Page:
If the plan in question does not meet all of the five conditions listed above, the remainder of this article will not apply.

If, however, the plan in question does meet all of the five conditions listed above, continue reading to determine whether the payments are pensionable and insurable.

When are WLRP benefit payments subject to CPP contributions and EI premiums?

WLRP benefit payments paid to an employee are considered to be employment income because they are paid in respect of an employment.

The answer as to whether they are subject to CPP contributions and EI premiums will vary depending on whether the WLRP benefit payments are:

(1) paid directly by the employer where the employer funds any part of the plan; or

(2) paid by a third party, whether it does so on its own behalf or on behalf of the employer where the employer funds any part of the plan.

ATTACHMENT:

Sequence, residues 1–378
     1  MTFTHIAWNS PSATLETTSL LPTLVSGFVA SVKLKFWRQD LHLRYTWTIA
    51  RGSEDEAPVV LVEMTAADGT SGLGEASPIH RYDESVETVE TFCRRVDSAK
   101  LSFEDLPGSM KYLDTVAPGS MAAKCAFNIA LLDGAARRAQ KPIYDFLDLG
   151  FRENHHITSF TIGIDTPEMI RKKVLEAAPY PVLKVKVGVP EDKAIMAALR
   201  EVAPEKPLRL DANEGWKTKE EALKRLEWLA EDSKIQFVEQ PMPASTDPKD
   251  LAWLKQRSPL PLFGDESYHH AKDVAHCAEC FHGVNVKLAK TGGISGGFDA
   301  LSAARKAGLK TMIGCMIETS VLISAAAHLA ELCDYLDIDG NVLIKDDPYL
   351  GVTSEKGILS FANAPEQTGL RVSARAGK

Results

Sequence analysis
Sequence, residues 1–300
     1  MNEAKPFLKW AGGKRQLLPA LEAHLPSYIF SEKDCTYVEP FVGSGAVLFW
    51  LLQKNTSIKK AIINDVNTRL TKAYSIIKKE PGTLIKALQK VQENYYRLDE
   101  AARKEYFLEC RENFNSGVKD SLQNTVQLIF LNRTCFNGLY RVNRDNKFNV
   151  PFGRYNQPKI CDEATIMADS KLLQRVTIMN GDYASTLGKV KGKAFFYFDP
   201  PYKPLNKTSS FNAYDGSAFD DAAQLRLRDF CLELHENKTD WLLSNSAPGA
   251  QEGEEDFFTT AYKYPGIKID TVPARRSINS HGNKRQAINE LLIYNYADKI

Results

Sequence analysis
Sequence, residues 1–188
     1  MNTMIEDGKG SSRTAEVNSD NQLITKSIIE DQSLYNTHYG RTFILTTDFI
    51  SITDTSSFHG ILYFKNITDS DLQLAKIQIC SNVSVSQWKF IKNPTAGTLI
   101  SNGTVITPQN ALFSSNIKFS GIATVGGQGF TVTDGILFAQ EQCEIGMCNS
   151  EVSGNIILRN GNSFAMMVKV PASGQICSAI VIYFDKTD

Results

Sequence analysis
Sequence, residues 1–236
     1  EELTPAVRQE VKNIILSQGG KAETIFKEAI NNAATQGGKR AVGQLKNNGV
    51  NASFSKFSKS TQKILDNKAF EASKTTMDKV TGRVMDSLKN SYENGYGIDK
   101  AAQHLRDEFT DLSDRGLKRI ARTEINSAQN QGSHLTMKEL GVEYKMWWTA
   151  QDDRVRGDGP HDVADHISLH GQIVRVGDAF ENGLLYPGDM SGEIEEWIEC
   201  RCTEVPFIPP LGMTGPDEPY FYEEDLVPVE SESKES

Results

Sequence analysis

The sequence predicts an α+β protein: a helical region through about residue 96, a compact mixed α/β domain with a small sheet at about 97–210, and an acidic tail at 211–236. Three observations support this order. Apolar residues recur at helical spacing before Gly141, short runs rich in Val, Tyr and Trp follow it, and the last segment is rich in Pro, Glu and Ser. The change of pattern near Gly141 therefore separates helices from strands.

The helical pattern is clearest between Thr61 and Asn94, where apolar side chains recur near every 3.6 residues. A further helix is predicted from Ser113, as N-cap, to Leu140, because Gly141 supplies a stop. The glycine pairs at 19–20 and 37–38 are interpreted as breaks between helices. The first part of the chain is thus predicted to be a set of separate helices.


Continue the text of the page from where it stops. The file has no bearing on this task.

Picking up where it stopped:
If the payments are made by the employer or by a third party on behalf of the employer, they are subject to CPP contributions and EI premiums.

If the payments are made by a third party on its own behalf (in the interest of its own business), they are not subject to CPP contributions and EI premiums.

(a) What does the “employer funds any part of the plan” mean?

In general, an employer is considered to fund any part of the plan when the employer:

  • fully funds the plan by paying all the costs; or
  • jointly funds the plan with the employees by sharing in the cost; or
  • makes one sole payment into the plan.

If employees reimburse the employer for the cost of the WLRP, the premium costs are considered to be paid by the employees and not the employer.